6. Jackie Smith says:

    I had a matchbook collection that I loved and that spanned decades of travel but when we downsized and moved to Greece the matches couldn’t safely go to the storage unit and no one wanted them so they got dumped. Since that summer of slogging out our lives, I’ve quit saving things like I once did. Love seeing your collections though.

  7. I used to have a collection of Christmas ornaments until we went RVing and my tree became a foot and a half tall!

    • So true, Carol. Our collections definitely change according to our circumstances. And when they no longer serve our needs or emotions, it’s time to get rid of them or pass them on to a new home. Thx for stopping by.

  8. This article is a distinct reminder that our passions are highlighted by the items we collect. Being travel bloggers means visiting a lot of different destinations each year. We find that picking up mementoes from each one helps us remember the good times we had there. Each piece has a personal story attached.

    • For sure, Jeff. I find my travel mementoes have really helped keep my spirits up through this pandemic. I’m glad you and Crystal are able to make short trips. We’re still in code red here in Manitoba.

  9. Wow, impressive collections Doreen! Your matchbooks are particularly striking… I’ve collected many things over the years; I had postcards (and many lapel pins) from every single place I visited for decades, but it’s hard to know what to do with them. Photos too, although they’re easier to store now they’re digitised. In more recent years I started to collect small stones and shells from visits, writing or painting on them as to when and where, but they also became too many to cope with. I still have quite a collection of stamps from the 1960s in a box somewhere; I will have to look them out sometime. I have on many occasions started large and diverse collections of chocolate, however, for some mysterious reason I can no longer locate any of them… I missed International Day of Happiness, but Happy Happiness to you anyway. Roy :^)

  10. noel says:

    You have some fun collections and I don’t think I would have a chocolate collection if I ended up eating all the souvenirs. I actually had a pin collection and didn’t know how to present it and the vest thing is pretty cool for over the top displays, lol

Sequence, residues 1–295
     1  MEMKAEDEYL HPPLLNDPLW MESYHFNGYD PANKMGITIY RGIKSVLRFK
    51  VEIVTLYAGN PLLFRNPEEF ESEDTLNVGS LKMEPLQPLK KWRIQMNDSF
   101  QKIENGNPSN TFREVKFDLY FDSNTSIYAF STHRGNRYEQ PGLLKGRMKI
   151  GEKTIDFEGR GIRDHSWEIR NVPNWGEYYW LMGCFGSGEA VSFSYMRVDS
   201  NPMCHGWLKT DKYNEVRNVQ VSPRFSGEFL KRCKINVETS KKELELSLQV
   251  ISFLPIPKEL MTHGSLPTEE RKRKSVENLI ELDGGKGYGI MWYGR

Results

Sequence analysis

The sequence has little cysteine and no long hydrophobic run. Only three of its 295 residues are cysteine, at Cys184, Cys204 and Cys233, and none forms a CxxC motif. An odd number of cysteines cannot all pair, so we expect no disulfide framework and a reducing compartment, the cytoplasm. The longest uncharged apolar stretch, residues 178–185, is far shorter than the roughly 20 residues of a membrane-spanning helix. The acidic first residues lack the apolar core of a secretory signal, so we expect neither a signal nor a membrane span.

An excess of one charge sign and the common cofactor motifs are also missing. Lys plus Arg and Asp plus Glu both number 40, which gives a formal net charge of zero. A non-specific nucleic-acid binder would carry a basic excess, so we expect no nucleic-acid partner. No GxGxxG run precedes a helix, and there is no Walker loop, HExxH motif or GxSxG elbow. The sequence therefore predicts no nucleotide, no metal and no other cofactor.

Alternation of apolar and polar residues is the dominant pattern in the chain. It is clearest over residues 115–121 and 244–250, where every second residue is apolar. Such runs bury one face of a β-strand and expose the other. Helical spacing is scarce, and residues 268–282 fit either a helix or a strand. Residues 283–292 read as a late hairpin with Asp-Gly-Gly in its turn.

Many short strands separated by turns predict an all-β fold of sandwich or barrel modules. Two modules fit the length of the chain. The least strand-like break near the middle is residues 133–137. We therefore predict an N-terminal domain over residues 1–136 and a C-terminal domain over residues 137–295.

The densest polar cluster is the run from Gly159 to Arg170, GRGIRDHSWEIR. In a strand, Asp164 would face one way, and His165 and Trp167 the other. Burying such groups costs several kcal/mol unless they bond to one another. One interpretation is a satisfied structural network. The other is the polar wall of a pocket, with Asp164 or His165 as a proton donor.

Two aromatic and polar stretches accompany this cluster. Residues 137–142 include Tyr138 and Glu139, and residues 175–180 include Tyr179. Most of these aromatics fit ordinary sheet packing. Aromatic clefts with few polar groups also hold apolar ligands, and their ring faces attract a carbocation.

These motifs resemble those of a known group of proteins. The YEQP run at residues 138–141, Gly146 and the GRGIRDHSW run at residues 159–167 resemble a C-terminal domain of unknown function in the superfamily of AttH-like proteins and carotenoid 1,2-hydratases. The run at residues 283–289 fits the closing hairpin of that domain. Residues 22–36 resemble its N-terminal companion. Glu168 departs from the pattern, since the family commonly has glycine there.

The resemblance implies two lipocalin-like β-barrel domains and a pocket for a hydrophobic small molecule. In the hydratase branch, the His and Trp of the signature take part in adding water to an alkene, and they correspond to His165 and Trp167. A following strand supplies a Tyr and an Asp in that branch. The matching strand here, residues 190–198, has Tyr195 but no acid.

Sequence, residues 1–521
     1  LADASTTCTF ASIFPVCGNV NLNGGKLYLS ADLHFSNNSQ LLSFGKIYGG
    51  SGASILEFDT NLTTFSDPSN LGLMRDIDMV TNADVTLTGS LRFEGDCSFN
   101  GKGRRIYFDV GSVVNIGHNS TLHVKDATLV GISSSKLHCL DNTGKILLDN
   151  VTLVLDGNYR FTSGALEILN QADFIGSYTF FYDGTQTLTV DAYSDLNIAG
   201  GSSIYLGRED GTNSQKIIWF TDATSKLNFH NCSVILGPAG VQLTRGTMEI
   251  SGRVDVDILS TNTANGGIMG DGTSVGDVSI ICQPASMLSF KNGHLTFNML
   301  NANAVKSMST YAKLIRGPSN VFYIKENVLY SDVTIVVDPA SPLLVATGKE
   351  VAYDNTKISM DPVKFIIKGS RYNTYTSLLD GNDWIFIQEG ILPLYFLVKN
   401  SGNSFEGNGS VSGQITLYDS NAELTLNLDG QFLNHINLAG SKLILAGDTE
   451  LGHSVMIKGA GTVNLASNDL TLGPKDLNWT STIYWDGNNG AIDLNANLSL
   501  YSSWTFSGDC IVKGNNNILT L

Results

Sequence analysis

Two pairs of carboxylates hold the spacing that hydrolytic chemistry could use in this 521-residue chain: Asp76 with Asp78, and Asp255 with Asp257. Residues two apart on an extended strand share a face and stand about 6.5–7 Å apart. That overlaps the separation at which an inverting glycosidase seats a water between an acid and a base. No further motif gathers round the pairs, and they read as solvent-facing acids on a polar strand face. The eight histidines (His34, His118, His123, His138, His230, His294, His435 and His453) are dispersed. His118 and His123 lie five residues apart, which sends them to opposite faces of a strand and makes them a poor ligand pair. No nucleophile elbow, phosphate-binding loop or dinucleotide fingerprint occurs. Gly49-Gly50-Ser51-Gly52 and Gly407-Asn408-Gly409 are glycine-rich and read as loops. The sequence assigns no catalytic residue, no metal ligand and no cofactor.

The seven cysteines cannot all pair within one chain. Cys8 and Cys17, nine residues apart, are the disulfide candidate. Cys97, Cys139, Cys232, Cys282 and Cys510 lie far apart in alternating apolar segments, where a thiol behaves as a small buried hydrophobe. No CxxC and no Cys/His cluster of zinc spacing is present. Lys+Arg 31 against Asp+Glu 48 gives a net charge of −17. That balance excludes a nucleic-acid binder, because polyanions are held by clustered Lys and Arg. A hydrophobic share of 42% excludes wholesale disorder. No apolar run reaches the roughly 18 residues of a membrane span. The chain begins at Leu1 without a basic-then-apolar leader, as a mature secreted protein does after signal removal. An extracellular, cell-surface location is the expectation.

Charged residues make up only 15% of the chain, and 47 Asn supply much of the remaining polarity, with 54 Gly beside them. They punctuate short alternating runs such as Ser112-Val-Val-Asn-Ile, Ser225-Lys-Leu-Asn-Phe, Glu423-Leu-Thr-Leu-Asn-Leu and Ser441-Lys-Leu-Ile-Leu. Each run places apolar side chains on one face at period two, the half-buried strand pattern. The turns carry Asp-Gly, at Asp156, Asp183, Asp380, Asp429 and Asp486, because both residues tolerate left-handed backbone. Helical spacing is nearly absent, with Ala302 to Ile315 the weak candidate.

• Thanks, Noel. Yes, it can be a challenge to find a way to store and display collections. My husband had the leaded glass container custom made to display my match collection. And I came up with putting the pins on the vest as they looked good there and I just kept adding to them. Now … it’s WAY too heavy to wear, so I just keep them there for display. Thx for stopping by and sharing your thoughts.

  11. Kathe says:

    I think it depends where you are in the life cycle, frankly. I’ve moved three times in the past 13 years, downsizing each time, and am now in a bright compact apartment where I plan to stay. What gives me joy now is clearing stuff out. In fact, just a few minutes ago, my super super hauled away an old carpet for me, so now there’s space in the hall closet for some carefully edited boxes of my personal archives. However, I still have my little elephants in the china cabinet. I’ve loved elephants all my life and people still give me tiny elephants from time to time.

    I suppose some would call my books a (frequently culled) collection, but I don’t — they’re just an absolutely indispensable part of my life. When I go to someone’s house and see no books, I can be pretty sure we’re not going to be close friends.

    The things I do “collect” take up no space — friendships, mainly.

    • Hi Kathe and thx for stopping by to share your thoughts. Absolutely, our perception of collections changes during the various stages of our lives. My sister-in-law also had an elephant collection and cherished it until she passed. Yikes with respect to your comment about the books! All my bookcases are upstairs in my office. So if you came to my home as someone who didn’t know me, and didn’t see many books in the public areas on the main floor (there are always a few but no cases) you may think I don’t cherish books and that I therefore may not qualify to be your friend!

      • Kathe says:

        I shouldn’t really even have mentioned that, Doreen, because most of my books now live on my Kobo. I have a feeling I’d have recognized you as a kindred spirit, no matter what!

        • Thanks, Kathe, and the feeling is mutual. Yes, it’s amazing how many of us have books on our devices. (Sure helps in conserving space!) I don’t use Kobo, but I have many books on Kindle and a few on iBooks.

  12. Betty Jackson says:

    I started collecting Betty Boop stuff in the 1990’s. She is a cartoon character a little older than I am and I wanted to know what she was all about. In the collection I have two, now old, chocolate bars and some other packaged candy. None of which have been opened, or ever will be, because the value of an item is based on its being in its original package and in good nick. So I wonder about the chocolate and its contents, texture, and flavour that was made so long ago for a quick sale and probably not for a collector. (?)

    • Thx so much for that photo you sent me of the Betty Boop chocolate, Betty! Perhaps I’ve incorporated it into my post as I couldn’t import it into your comment. Your BB collection is amazing — just as you are. Thx for stopping by to share your thoughts on your prized collection.

  13. Marika says:

    Hi!